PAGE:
How (Not) To Kill Your Pi’s SD Card

This, this I learned the hard way.

I have a number of Raspberry Pi devices around the house performing various functions, from retro game emulation to radio monitoring, but the one that sees the most use is the one running Domoticz – the home automation software. Like most of my Pi builds it runs on top of Raspbian Jessie Lite a Unix-like OS based on Debian and optimised for the Pi.

The logging for Domoticz and some of the associated home automation services can be pretty heavy. And SD cards really don’t like it when you write – and overwrite – lots of data. My first two builds of Domoticz were on 8GB SD Cards. Both survived about 90 days before suffering IO errors. Turns out that the volume of logs being written had beaten the wear-leveling on the card and it was struggling to write anything.

So, how do you run a Unix-like system on a Pi as a headless, long-term server, without periodically killing and replacing the card?

Stop swapping

First: swap. Checking the memory usage showed that I didn’t need it. On Raspbian the easiest way to permanently disable swap is to remove the subsystem that supports it:

sudo apt-get remove dphys-swapfile

After a reboot, the system won’t try to write memory to the SD Card.

noatime flag

By default, every time a file is read a property is updated to indicate the last access date. We don’t are about this and since we want to reduce unnecessary writes, we can turn the behaviour off by adding the noatime flag to any mount point we wish to protect:

/dev/mmcblk0p2  /               ext4    defaults,noatime  0       1

Helpfully, this is actually a default in the latest Raspbian builds.

More power!

Well, more storage actually. Part of my problem with the 8GB cards was that I didn’t have a lot of free space left. That makes life harder for the wear-levelling algorithm. Since the rebuild I’ve been using 32GB cards – and having over 75% of the space free means more spare blocks for the algorithm to work with. One source notes that doubling the size of the card can more than double the longevity.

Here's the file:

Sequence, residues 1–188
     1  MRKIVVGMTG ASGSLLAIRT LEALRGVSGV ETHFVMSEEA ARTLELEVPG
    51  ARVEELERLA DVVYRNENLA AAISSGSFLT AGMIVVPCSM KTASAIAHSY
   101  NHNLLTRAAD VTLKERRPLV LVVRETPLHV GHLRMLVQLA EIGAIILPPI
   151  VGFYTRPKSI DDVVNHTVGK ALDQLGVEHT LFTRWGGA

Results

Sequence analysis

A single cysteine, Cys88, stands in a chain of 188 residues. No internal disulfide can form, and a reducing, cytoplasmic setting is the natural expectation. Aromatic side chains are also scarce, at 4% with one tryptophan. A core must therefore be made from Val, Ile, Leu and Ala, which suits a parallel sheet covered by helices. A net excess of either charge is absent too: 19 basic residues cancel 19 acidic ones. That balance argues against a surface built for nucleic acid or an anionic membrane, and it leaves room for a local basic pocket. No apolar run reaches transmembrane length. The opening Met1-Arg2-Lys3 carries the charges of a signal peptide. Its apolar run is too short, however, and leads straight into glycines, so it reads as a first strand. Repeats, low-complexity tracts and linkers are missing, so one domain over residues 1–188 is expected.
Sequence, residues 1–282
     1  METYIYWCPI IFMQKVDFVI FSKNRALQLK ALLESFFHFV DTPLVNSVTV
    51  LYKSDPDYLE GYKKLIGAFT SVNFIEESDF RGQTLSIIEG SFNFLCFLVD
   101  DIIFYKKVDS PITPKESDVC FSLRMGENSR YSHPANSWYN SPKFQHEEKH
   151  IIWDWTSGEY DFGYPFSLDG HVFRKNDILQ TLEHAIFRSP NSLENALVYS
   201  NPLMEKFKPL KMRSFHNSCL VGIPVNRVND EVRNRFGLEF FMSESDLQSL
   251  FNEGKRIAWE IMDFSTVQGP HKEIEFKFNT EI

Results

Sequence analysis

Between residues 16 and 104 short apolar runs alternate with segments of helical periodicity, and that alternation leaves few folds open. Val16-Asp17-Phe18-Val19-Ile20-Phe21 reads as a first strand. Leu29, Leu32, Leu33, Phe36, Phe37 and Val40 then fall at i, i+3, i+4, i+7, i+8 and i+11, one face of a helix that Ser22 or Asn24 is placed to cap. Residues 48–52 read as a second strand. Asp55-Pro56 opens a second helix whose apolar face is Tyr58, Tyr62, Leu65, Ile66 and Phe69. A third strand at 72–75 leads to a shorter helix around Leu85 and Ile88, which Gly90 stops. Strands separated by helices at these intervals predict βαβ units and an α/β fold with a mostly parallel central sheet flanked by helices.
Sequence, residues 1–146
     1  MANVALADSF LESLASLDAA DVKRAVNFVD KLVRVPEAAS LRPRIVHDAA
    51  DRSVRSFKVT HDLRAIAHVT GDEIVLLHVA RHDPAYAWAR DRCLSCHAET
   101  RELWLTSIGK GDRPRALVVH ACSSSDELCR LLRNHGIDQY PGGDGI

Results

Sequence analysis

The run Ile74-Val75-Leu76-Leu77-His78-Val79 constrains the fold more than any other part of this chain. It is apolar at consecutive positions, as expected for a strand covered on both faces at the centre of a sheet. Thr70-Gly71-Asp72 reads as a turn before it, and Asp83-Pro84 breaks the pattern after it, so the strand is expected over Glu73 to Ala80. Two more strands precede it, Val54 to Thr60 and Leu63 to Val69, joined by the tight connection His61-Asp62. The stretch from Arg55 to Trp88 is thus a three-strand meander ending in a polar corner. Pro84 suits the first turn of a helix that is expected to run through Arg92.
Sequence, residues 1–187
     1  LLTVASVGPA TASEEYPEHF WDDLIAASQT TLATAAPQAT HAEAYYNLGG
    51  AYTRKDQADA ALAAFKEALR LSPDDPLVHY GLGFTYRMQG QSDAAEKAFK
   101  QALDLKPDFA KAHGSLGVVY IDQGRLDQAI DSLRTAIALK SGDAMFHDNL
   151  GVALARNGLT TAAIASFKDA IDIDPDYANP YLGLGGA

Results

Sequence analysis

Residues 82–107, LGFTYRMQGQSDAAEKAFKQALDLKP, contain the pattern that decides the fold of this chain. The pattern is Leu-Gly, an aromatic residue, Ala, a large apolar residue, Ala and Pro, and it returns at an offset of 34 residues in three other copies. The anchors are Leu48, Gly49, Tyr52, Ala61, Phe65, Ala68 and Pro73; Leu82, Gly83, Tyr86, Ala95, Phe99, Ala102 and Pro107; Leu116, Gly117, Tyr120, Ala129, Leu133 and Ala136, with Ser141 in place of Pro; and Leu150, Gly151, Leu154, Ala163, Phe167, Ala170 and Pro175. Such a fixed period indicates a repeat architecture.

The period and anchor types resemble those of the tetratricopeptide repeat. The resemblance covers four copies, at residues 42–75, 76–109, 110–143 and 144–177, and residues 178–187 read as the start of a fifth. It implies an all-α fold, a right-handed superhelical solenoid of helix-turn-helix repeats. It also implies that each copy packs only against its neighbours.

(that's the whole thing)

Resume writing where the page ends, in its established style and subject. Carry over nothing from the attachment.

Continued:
Who needs logs?

Nuclear option: those logs? Don’t need ’em. I so very rarely need to refer to them that keeping around months worth of logs is counter productive. So for now I’m keeping them on a temporary filesystem in RAM. When the device reboots those logs are gone. In this case, using tmpfs to create a 50M partition and then putting /var/logs on it.

tmpfs /var/tmp tmpfs nodev,nosuid,size=50M 0 0

And in fstab:

none            /var/log        tmpfs   size=50M,noatime   0       0

I’ve seen some advice around turning off journalling on the filesystem, but haven’t tried this yet. So far the other changes I’ve made have served me well.

One final thing: periodically, when I’m happy with how the system is running, I take the SD card out and use an imaging tool to create a backup image of the entire card. win32diskimager is a great tool for this on Windows – a guide to using it is here.

Enjoy Reading This Article?

Here are some more articles you might like to read next:

  • USW Pro 24 PoE Teardown
  • 3D Rendering Your In-House GPS
  • Extracting a Full Day’s Video from UniFi NVR